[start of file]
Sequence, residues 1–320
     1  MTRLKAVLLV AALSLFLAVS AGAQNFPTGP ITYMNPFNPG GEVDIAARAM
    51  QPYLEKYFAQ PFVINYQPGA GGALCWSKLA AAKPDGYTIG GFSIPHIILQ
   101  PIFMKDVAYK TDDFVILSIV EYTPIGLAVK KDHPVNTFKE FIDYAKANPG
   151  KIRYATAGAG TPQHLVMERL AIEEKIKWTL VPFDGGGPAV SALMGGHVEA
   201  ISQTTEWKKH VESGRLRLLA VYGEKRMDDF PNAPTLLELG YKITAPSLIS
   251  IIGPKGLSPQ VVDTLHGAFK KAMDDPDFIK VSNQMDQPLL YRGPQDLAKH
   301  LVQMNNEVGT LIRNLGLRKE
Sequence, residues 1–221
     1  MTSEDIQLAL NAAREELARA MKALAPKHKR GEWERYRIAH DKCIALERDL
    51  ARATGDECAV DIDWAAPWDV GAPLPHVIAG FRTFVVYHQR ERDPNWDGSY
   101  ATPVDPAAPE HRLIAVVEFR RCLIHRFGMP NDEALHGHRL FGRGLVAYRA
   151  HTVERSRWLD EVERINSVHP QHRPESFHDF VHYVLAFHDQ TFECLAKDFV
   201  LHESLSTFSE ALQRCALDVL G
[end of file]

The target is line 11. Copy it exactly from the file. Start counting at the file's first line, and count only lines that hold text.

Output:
    51  ARATGDECAV DIDWAAPWDV GAPLPHVIAG FRTFVVYHQR ERDPNWDGSY